Sport Assessing The Masters Favorites

19:52  13 march  2018
19:52  13 march  2018 Source:

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We went undercover with tour players, teachers, and others to get their honest assessment of who they like—and who they don't like—at this year's Masters.

TEACHER: I like the top players at Augusta, but it depends on the weather to an extent. Last year the weather let Rose and Garcia into contention. I don’t like Rory, though. His putting is terrible. He’s got the yips. And his wedge play is awful, too. Jason Day had been awful for a while [before winning a playoff at Torrey Pines for his first tour victory since 2016]. Stenson’s not going to win. Hideki can’t win because he can’t putt. I don’t see a guy who can’t putt winning two years in a row. It could happen, but only if the weather is tough. None of those guys can win an 18-under-par Masters. Sergio [who won a playoff after finishing at nine under last year] certainly couldn’t. So we’re down to Jordan Spieth (above), Justin Thomas and Dustin Johnson. Koepka [coming off a wrist injury] isn’t good enough, although he is opportunistic. He’s a basher—the 21st-century pro who plays great three times a year. Then again, he’s oblivious—like Dustin—and that works out well for him. That’s cruel, but true. I like Rickie Fowler, but his problems are mental. He could be like Sergio and just eventually win one when no one expects him to.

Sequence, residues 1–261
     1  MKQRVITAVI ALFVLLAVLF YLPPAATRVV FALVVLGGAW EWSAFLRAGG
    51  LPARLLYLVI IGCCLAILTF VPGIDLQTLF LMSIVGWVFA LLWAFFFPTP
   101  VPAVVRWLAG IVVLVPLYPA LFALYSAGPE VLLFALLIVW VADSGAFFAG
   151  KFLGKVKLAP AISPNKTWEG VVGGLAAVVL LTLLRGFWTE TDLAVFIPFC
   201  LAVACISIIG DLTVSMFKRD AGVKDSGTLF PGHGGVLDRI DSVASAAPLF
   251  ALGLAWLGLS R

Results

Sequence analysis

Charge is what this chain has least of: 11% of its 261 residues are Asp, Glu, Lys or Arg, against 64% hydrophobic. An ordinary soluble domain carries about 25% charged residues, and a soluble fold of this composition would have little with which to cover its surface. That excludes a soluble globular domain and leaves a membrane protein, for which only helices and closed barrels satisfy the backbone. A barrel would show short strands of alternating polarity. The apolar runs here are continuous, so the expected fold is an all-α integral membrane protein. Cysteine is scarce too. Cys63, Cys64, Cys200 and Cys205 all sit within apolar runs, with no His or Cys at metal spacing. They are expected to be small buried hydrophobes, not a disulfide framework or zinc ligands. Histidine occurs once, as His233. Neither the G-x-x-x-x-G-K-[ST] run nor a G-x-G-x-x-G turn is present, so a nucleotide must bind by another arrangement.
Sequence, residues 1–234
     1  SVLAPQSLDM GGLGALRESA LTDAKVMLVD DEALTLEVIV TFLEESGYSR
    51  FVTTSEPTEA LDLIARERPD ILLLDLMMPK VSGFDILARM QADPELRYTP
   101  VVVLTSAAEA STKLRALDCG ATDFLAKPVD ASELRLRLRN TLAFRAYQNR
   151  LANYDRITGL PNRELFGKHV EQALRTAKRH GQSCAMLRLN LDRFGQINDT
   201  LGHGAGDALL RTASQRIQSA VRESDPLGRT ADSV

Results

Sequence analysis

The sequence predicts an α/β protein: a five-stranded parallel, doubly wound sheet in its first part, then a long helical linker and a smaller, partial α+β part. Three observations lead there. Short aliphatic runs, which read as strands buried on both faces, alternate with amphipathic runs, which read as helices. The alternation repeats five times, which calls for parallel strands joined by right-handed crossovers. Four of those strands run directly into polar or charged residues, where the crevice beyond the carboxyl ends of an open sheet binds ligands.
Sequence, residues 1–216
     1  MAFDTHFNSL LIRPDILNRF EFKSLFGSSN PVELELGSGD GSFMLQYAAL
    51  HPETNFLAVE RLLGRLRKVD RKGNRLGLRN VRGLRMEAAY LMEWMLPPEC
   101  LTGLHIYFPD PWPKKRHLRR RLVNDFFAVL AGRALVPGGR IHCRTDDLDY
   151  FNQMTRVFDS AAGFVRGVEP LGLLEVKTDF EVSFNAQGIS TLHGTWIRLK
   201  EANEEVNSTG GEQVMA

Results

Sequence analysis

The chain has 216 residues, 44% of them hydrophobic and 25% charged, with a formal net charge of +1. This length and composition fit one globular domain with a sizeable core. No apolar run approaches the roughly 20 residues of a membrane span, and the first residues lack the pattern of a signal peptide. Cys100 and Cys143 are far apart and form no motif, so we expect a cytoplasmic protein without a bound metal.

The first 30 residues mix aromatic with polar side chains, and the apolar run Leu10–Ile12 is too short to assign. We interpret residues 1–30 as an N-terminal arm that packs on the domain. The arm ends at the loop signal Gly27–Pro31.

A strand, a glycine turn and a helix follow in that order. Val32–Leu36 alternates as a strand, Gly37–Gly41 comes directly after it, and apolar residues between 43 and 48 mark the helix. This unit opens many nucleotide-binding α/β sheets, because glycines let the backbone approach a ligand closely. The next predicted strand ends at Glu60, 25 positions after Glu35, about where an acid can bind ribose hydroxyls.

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TEACHER: Tiger has inspired a generation of guys who have all become savages. Look at Jon Rahm. He has a backswing and downswing like Trevino. He has a great short game. He expects to make every putt. He’s like a long Trevino—good luck. You’ve got Dustin, who can win playing bad because he’s still better than most guys when they’re good.

MULTIPLE WINNER ON TOUR: Everyone points at Rory’s wedge play and the ball he uses, but it’s the same one Dustin uses, and his wedge play is great.

FORMER TOUR PRO: My heart says Rory if he tidies up his putting and wedge play. He has technical issues in both. He’s so “trapped” with his short irons. He leans on the shaft so much, and the ball comes out on a different flight and spin every time, so it flies a different distance every time and reacts differently when it lands.

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BROADCASTER: We’ve seen the caddie change [by McIlroy last year]. I’m still hoping he drags Billy Foster onto his bag. They would be great together. Billy would be strong enough to say “no” to Rory when required. Also, Billy is funny, and that would keep Rory light.

TOUR CADDIE: Patience is huge. If you start to make mistakes, you start to chase—like Rory did in 2011—and end up making more and more mistakes. I don’t think he would make that same mistake now. He has the ideal game for that course.